Anthony Cunningham has enjoyed success wherever he’s gone. He’s just one of those people.
He captained Galway to the county’s first-ever All-Ireland minor title in 1983 and lifted the cup again when the Tribesmen won the ’86 Under-21 crown. He added two senior Celtic Cross medals with Galway in ’87 and ’88.
His first serious role in hurling management we can write off as a learning experience with Roscommon, where he now lives, in the middle years of the last decade.
He has a hard edge to him; he’s ruthless and he wants to win and that comes across in his teams - Dessie Dolan
Cunningham jumped to football where he brought St Brigid’s from his new home parish of Kiltoom to a three in-a-row of Roscommon SFC titles and then he crossed over the Shannon to take over their neighbours Garrycastle in Westmeath.
He brought them to repeat county titles, an unexpected Leinster win and within a kick of the ball of beating the mighty Crossmaglen Rangers in the 2012 All-Ireland club final, eventually losing out in a replay.
He was quick to get on board with Pat Gilroy when invited to play a part in his Dublin hurling project last year, though when Gilroy was forced to walk away due to work commitment the chance of making a mark in the capital was gone.
Not that he sat around for long - within months he had taken over as Roscommon football manager.
"He’s very intelligent - when we had him at minor he would have been getting top points in the Leaving Cert," said Cyril Farrell, who was coach with Galway’s All-Ireland winning minor team in ’83, manager of the Under-21s in ’86 and the seniors in ’87, ’88.
"He was always that little bit different and he always thought about the game, though little did I think he’d end up going into football management one day.
"I remember he turned up at minor trials in Ballinasloe. He was a centre forward with pace and vision - he knew when to lay off a pass and he had burning pace. He graduated to the Under-21s and then to the seniors so he was around Galway teams from the early eighties well into the nineties."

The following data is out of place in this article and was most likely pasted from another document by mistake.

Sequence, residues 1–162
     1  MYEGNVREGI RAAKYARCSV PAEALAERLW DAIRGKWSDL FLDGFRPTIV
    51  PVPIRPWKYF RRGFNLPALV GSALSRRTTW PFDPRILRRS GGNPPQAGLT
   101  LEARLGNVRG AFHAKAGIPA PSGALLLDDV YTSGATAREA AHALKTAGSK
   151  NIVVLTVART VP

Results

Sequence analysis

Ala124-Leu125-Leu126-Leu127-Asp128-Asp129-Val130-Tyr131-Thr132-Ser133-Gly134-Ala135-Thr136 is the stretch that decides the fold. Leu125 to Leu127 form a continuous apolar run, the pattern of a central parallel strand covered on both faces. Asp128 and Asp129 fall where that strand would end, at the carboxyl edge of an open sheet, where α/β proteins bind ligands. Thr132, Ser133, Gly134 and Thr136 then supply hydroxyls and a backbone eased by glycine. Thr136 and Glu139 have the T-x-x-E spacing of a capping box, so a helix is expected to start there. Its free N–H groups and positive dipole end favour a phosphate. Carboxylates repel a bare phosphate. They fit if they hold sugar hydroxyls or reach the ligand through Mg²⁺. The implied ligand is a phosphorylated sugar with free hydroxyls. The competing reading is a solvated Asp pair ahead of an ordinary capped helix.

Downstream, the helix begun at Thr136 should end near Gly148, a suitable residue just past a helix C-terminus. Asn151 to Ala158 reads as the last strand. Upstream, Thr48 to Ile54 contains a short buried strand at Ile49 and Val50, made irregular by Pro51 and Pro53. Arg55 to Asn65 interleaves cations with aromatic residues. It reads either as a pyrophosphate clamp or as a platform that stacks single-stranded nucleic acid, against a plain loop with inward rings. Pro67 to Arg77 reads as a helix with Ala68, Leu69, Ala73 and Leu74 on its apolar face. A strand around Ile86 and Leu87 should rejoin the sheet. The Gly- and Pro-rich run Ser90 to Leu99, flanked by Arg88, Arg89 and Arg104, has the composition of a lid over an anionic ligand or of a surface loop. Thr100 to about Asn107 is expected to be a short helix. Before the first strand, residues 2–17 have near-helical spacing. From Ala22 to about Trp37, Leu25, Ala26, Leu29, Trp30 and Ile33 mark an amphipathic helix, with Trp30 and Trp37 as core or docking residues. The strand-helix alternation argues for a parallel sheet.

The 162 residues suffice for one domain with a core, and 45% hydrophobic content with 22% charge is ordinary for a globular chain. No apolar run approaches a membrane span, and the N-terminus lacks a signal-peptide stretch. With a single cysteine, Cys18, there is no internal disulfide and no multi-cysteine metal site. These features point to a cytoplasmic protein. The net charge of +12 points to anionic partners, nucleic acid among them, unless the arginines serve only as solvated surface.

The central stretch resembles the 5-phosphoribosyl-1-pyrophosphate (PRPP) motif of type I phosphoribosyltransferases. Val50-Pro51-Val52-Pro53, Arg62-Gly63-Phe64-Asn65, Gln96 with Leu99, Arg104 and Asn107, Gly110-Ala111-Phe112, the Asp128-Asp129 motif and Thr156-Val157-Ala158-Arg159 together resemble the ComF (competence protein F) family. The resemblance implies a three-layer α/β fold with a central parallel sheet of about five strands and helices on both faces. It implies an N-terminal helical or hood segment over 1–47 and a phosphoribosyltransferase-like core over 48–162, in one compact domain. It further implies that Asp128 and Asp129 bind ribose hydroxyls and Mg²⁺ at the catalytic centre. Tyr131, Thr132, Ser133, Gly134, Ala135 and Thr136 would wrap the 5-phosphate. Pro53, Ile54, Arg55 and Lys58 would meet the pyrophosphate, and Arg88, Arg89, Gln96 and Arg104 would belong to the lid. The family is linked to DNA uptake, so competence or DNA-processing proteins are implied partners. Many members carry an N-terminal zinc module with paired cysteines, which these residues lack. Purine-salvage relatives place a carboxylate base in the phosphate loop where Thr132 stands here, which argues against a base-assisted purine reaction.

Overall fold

Managers who have taken teams at inter-county level in both hurling and football are few and far between and most of them are legends such as Michael ‘Babs’ Keating (Tipperary), Liam Griffin (Wexford) and Seán Boylan (Meath).
Fewer yet have enjoyed the success Cunningham has and on Sunday he could add a Connacht football title, if his Rossies beat Galway in Salthill, to the Leinster hurling silverware he won with Galway.
Even in his professional life, Cunningham has flourished: he’s Business Development Manager at the Software Research Institute at Athlone IT. But that’s not to say any of this has come easy. The man is a hard worker.
"He’s extremely motivated," noted Dessie Dolan, who played for Cunningham with Garrycastle. "He keeps himself in great condition and he does a lot of fitness work himself. I don’t know how he keeps it all going.
"He’s the manager, but also the trainer so he’s on the pitch to make sure that what he wants implemented is being implemented. He’s dedicated, motivated, he’s just so passionate and focused.’
According to Dolan, Cunningham is hands-on, overseeing everything. While he doesn’t try to make friends, he earns respect and he isn’t afraid to call someone out if he feels it’s required.
"He’s ruthless; if he’s not happy with the attitude he’ll lay into you, if he thinks you’re taking the easy option or you’re telling him you’re half-injured he just won’t tolerate it," said Dolan, who was on the end of one or two lectures.
"He has a hard edge to him; he’s ruthless and he wants to win and that comes across in his teams.
"He’ll identity the bluffers straight away. He will go hard on them to get them up to speed. He gets on extremely well with everyone, even though you always know that he might give you a bollocking. His motivation is always to get the best out of the group.
"To this day, if there’s a function going on in Garrycastle, Anthony Cunningham will be invited and he’ll always turn up. He’s very well respected wherever he has been."
Cunningham’s background is in hurling, according to Dolan it’s in his DNA and occasionally when he’s explaining tactics he’ll slip and talk about puck-outs instead of kick-outs, but he made the switch to football seamlessly.
That’s because of his intelligence and his business management experience.
"He branched out when he got to Athlone and that brought him into the football world," said Farrell.
"Management is all about setting up a structure - he is the sort of person that will have lads wanting to play for him and then it’s about getting the right people around him. He’s very fair, very cool and collected, but everyone knows that things have to be done his way.’
Cunningham managed Galway to an All-Ireland Under-21 title and brought the seniors to two All-Ireland finals, losing both to Kilkenny, the first after a replay. After the second in 2015 a player heave saw him walk away - one of the few blots on his copybook.
"I would say he’ll be going to Pearse Stadium this weekend a very motivated man to show the Galway County Board a thing or two!" noted Dolan.